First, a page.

2018 Volume 84 Issue 4 Pages 117-128
Aim: To examine whether a longer time to pregnancy is associated with preterm births distinguished as either spontaneous or indicated delivery.
Methods: A cross-sectional survey was conducted targeting parous women aged 20-44 years old residing across Japan whose first-born children were singletons. Information on reproductive history including time to pregnancy (TTP) and use of assisted reproductive technology (ART) was collected using internet-based questionnaire. A delivery was judged spontaneous if the mother had either labor and/or membrane rupture at hospital admission. Multinomial logistic regression analyses were performed to estimate odds ratios and 95% confidence intervals (CI) for spontaneous and indicated preterm birth at ＜ 34 or at ＜ 37 weeks of gestation while adjusting for potential confounders.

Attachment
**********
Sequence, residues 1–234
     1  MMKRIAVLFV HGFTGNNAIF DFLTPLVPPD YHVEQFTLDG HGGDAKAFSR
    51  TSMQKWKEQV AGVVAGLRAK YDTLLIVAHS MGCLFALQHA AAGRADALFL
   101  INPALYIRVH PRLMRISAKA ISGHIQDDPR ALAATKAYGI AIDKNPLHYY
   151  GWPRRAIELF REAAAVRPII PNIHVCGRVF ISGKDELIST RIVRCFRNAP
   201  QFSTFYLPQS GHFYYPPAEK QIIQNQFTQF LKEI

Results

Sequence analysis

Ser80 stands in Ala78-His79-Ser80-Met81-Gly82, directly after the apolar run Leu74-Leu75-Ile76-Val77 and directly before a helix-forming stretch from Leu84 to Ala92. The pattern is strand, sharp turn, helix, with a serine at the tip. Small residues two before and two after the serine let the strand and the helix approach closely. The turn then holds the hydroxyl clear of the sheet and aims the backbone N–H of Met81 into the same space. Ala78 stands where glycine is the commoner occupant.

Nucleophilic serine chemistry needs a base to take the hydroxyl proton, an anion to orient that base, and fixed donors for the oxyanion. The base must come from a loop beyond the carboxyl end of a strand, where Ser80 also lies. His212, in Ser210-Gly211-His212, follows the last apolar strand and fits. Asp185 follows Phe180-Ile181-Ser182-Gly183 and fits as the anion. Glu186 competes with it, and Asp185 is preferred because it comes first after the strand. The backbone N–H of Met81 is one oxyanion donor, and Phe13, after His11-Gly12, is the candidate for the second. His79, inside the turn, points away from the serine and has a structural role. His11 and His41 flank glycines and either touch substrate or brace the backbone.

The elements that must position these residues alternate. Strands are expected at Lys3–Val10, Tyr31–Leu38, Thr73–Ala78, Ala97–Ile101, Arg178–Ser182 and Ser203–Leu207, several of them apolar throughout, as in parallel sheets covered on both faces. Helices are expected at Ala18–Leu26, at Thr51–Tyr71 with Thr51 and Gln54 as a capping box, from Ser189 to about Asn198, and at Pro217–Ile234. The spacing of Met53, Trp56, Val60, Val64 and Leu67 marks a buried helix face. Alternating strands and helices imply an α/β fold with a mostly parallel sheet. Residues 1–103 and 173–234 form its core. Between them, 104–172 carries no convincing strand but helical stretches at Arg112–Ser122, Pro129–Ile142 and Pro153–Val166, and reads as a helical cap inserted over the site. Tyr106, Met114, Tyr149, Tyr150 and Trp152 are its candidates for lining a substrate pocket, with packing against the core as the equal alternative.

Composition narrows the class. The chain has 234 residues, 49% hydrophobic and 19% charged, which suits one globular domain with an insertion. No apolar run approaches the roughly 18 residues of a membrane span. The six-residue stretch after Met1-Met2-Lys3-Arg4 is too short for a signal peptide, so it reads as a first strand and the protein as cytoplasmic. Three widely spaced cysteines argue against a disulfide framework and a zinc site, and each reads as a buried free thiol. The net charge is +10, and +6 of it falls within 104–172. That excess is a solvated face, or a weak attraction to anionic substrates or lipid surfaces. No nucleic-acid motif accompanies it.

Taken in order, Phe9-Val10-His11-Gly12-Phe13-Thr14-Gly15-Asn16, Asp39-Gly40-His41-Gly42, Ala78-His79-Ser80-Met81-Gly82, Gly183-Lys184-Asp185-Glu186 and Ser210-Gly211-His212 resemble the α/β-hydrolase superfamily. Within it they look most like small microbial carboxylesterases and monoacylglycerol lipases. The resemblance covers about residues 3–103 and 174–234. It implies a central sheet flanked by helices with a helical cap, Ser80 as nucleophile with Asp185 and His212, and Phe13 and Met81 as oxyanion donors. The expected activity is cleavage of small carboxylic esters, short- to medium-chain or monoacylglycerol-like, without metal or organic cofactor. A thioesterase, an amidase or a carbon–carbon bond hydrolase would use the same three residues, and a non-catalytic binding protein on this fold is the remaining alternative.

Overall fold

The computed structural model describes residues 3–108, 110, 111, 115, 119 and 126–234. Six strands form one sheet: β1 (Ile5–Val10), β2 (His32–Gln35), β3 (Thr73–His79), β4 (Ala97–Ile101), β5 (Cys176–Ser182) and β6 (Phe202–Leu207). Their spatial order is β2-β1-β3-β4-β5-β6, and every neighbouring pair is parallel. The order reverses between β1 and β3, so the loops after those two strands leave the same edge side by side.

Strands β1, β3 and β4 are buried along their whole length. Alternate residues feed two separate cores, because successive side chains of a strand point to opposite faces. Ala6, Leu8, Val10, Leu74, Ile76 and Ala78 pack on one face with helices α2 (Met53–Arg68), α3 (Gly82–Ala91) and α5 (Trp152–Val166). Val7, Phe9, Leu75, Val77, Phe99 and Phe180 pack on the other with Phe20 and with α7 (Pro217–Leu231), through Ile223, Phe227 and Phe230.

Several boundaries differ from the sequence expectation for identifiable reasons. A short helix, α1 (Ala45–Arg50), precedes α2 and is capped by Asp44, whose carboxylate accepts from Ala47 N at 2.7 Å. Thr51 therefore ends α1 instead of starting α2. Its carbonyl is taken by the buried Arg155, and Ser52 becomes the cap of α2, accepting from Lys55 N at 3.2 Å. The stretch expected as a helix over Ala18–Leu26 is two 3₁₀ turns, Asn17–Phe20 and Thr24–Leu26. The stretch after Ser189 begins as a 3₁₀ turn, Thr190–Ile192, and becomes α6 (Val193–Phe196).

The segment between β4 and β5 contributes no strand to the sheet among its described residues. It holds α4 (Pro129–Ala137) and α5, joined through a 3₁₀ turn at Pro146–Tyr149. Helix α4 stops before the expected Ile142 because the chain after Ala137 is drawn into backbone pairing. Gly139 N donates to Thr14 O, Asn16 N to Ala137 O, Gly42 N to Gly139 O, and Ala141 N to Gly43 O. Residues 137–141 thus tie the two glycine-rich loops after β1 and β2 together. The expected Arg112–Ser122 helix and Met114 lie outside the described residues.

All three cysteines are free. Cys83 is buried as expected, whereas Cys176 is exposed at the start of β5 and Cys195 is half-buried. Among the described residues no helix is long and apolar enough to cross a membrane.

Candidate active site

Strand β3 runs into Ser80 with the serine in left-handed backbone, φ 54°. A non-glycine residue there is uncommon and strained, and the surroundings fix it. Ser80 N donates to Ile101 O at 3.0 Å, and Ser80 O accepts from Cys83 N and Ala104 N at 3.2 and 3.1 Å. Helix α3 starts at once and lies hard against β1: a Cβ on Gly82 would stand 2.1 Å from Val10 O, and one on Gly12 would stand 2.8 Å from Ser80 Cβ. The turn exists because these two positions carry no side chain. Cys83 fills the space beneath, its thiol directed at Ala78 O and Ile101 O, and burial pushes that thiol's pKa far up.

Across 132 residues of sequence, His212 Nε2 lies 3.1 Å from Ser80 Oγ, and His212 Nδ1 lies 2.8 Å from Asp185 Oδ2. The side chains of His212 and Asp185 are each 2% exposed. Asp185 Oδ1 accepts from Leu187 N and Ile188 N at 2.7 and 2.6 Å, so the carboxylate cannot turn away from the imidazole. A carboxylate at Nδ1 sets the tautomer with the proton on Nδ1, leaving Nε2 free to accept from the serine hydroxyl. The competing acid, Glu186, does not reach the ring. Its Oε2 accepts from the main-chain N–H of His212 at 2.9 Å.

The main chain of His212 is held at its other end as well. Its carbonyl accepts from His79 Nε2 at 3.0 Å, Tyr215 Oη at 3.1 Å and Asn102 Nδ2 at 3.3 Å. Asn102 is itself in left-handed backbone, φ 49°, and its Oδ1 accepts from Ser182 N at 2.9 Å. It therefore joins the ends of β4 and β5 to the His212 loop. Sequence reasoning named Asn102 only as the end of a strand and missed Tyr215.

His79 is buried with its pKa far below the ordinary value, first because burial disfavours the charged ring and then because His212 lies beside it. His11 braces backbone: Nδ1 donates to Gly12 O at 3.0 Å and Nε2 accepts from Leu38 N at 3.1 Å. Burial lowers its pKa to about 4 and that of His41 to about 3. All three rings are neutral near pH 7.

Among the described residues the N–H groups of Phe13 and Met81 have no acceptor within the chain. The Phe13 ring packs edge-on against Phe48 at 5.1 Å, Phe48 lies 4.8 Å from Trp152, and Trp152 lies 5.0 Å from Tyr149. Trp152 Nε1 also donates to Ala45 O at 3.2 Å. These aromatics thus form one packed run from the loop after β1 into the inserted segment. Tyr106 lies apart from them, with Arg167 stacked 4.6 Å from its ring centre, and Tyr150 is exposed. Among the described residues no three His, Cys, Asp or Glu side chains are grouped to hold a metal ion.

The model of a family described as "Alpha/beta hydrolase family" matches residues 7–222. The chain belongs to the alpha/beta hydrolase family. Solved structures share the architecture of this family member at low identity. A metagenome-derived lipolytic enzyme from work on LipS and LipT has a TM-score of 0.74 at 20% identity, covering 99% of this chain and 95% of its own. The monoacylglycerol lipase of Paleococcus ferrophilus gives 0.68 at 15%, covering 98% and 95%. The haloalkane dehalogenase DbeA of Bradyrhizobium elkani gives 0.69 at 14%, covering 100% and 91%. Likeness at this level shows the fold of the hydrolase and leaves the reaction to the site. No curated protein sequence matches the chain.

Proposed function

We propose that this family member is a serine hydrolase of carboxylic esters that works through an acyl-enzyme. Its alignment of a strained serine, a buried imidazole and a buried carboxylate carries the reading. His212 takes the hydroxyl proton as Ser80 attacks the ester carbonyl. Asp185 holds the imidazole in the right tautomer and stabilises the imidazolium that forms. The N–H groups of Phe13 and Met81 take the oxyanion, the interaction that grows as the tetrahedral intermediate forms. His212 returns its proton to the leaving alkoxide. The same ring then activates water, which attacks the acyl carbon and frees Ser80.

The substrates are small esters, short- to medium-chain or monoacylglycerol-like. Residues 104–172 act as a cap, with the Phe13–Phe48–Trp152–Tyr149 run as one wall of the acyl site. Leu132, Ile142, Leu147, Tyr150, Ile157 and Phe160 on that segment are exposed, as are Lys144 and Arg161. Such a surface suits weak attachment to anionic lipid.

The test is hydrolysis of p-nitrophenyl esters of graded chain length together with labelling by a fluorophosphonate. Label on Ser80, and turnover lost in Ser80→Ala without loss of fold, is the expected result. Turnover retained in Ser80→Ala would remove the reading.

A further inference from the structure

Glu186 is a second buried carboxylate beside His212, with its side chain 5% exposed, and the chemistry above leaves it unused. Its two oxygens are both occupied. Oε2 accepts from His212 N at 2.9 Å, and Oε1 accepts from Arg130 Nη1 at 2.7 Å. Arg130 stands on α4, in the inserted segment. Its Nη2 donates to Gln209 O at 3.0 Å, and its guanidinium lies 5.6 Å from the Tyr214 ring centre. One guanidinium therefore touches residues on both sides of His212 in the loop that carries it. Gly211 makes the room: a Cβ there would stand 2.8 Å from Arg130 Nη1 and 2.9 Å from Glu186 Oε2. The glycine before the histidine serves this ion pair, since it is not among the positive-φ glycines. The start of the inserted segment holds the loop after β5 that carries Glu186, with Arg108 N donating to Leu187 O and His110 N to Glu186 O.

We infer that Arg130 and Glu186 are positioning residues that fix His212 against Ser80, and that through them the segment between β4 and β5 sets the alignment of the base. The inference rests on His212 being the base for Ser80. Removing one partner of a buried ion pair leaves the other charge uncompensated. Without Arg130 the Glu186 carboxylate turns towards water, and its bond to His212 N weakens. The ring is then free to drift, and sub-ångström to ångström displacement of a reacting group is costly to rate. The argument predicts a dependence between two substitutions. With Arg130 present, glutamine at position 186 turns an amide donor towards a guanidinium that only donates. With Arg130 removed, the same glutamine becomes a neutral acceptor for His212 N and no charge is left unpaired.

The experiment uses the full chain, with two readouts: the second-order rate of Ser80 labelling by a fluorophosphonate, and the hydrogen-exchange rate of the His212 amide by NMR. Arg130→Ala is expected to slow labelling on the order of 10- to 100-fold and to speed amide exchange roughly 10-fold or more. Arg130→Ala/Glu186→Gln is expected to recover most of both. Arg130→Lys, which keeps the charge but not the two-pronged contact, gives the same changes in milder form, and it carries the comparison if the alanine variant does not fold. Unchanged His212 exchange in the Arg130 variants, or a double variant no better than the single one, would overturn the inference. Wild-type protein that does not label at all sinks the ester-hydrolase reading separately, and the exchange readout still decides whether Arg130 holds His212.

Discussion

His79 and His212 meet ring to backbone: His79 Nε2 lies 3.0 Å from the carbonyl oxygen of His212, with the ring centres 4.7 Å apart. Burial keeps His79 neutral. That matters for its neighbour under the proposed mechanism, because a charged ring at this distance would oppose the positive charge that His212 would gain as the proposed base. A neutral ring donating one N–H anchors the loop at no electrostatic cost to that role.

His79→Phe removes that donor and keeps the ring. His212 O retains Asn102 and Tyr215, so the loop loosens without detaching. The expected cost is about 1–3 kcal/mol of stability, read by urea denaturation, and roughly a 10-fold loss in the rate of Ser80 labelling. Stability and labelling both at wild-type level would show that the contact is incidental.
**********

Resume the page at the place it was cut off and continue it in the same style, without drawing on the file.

Results: The analytic sample was n=4,208 mothers with first-born singletons. After adjusting for age, use of ART, and other possible confounders, women with TTP of 12＋ months had significantly higher odds of spontaneous preterm birth at ＜ 34 weeks (OR 4.55, 95% CI 1.10-18.77) but not at ＜ 37 weeks (OR 1.07, 95% CI 0.65-1.75), compared to those with TTP of ＜ 6 months. Women with unknown TTP tended to have higher odds of spontaneous preterm birth at ＜ 34 weeks (OR 3.67, 95% CI 1.02-13.19) and at ＜ 37 weeks (OR 1.38, 95% CI 0.98-1.96), though not statistically significant. There was no significant association with TTP and indicated preterm birth.
Conclusions: Compared to mothers with shorter TTP, those with longer TTP are more likely to experience spontaneous preterm birth.